A local council will partially remove netting on cliffs set up with the intention of preventing migrating sand martins from nesting.
North Norfolk District Council placed the material over more than one kilometre of cliffs at Bacton, around 20 miles north of Great Yarmouth earlier this week.
The authority's intention was to prevent the birds from setting up homes in the sandy banks, in a bid to safeguard homes and a nearby gas terminal from coastal erosion. It says it took advice from Natural England and the RSPB before embarking on the project.
But the netting has caused outrage among conservationists, with video appearing online of birds becoming entangled in the nets.
The RSPB said the netting does not follow its guidance and pushed the authority to remove it as soon as possible. The organisation said it had recommended using material without gaps in to prevent birds from becoming entangled and that this advice was not followed.
It told ITV News the authority was made aware the use of the netting should be seen as a "last resort" and not extend more than seven metres high, to allow the birds space to nest and breed.
North Norfolk District Council, which has been forced to set up a dedicated option on its telephone system to deal with enquiries about the netting, said on Tuesday it "will remove the upper levels of the netting," following talks with the RSPB and Natural England.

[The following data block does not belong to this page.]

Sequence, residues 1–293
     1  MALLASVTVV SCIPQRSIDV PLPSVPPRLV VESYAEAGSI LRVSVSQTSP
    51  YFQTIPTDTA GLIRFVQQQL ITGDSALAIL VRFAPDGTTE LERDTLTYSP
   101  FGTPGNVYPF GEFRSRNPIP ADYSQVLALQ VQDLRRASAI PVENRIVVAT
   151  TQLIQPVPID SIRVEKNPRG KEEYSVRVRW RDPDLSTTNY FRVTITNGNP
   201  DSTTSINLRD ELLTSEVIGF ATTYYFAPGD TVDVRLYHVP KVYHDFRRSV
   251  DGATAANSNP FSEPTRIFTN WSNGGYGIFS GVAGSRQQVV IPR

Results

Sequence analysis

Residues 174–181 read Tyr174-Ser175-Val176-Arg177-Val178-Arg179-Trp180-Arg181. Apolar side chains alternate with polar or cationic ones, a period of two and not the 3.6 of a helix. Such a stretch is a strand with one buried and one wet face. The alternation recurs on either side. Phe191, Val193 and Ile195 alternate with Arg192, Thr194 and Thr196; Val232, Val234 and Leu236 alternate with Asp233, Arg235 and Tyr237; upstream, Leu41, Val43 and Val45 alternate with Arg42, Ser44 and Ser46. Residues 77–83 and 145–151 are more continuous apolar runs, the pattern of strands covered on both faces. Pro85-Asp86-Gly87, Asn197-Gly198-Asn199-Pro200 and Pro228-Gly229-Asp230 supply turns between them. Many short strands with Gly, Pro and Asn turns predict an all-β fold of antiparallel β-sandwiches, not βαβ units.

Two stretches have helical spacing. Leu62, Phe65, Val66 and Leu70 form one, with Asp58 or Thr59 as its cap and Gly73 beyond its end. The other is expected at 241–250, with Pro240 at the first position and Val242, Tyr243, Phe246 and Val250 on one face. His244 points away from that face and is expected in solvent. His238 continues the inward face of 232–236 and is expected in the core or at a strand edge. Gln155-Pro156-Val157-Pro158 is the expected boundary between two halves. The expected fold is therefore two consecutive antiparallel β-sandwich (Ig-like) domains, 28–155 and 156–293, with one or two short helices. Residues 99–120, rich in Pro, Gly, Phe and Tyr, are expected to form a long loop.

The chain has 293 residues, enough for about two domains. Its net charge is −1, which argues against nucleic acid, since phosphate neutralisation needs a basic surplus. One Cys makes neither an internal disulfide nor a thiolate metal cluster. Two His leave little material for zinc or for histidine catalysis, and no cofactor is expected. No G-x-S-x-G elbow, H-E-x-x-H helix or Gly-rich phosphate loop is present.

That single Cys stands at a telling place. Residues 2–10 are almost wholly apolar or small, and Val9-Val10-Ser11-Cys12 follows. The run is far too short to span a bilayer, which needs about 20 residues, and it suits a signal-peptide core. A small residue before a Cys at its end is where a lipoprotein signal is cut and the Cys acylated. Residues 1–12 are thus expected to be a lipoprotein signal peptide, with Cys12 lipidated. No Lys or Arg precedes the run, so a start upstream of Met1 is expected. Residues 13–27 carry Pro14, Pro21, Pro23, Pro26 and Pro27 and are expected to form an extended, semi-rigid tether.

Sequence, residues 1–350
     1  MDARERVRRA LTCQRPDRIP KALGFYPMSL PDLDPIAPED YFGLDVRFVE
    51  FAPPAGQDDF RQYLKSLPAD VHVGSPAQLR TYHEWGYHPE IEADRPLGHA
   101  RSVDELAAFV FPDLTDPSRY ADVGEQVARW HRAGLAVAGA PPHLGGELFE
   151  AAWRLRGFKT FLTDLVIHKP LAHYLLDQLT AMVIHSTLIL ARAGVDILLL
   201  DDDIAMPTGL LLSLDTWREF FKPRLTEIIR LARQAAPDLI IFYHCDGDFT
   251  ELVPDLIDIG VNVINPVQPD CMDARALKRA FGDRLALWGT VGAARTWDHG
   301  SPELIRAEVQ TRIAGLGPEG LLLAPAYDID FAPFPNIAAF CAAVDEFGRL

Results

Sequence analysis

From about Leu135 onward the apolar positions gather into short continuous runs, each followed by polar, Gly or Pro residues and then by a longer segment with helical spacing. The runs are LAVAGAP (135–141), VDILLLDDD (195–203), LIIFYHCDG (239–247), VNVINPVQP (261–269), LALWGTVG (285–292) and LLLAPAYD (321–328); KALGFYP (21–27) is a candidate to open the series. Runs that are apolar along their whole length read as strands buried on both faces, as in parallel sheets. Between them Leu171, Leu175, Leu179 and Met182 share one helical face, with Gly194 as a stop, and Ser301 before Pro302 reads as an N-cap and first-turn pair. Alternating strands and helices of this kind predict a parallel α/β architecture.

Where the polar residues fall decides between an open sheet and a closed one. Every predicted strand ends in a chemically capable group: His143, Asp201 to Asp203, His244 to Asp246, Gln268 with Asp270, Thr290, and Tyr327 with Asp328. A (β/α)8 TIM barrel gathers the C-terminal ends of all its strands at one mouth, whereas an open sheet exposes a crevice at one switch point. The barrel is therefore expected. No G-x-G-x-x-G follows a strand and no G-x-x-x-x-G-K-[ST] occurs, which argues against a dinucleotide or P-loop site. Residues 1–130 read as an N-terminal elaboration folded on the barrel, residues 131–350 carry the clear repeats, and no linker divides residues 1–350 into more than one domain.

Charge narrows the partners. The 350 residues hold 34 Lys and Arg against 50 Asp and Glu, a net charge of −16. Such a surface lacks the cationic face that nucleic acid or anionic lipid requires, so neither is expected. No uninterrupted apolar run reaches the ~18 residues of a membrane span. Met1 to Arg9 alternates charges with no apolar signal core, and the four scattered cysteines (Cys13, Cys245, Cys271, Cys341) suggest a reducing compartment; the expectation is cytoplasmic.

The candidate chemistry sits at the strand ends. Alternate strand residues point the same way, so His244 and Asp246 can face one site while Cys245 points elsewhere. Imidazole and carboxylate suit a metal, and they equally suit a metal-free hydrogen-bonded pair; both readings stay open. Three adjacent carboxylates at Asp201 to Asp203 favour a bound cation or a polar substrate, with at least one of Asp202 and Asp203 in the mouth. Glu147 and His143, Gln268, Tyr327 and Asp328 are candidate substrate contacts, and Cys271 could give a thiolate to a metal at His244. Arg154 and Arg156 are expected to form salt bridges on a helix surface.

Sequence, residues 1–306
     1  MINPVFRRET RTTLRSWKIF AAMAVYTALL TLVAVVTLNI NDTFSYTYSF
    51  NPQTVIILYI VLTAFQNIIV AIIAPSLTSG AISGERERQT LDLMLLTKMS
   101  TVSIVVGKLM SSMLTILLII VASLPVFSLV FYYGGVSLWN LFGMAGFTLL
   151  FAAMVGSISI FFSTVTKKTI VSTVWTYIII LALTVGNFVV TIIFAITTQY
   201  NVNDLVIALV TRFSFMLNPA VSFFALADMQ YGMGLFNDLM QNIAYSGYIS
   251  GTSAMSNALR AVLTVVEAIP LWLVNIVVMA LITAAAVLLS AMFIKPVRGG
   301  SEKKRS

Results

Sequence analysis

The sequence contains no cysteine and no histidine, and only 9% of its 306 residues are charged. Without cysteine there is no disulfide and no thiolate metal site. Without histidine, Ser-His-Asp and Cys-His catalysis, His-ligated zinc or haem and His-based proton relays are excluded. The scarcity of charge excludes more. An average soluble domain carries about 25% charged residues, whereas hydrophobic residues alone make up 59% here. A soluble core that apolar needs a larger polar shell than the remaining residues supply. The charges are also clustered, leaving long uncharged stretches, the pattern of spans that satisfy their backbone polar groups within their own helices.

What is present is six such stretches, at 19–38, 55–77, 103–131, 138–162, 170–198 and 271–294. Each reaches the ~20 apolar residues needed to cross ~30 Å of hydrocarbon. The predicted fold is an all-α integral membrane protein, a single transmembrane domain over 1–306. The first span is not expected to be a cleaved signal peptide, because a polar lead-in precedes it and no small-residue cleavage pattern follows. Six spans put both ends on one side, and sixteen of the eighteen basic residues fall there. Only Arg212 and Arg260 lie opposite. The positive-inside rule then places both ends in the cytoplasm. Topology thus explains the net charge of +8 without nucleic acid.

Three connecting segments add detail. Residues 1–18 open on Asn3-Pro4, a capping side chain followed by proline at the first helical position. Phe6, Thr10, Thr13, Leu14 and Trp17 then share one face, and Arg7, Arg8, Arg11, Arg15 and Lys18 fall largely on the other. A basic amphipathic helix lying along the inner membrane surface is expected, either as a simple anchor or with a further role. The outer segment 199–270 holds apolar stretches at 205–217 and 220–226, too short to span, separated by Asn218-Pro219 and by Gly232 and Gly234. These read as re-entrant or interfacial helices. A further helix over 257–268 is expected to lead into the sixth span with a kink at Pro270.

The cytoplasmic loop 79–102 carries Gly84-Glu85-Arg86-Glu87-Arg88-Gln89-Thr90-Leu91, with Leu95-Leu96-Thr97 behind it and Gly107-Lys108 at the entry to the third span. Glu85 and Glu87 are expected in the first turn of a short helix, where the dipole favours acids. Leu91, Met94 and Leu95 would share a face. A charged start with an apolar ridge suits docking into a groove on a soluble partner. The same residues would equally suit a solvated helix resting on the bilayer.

It added: "Minimum levels will be retained to assist in progressing with this critical project to protect people’s homes and national infrastructure.
"Following this, ongoing discussions will take place between NNDC and the RSPB about the material to be used on the lower section of cliff to allow this to happen."
On Monday Communities Secretary James Brokenshire wrote to leading developers reminding them of their legal obligation to consider the impact of projects on local wildlife and the need to take action to protect habitats.
A parliamentary petition to make netting hedgerows to prevent birds from nesting a criminal offence has more than 254,000 signatures. Whilst another calling for legal protection to swallow, swift and martin nest sites, not just their active nests, has more than 35,000 signatures.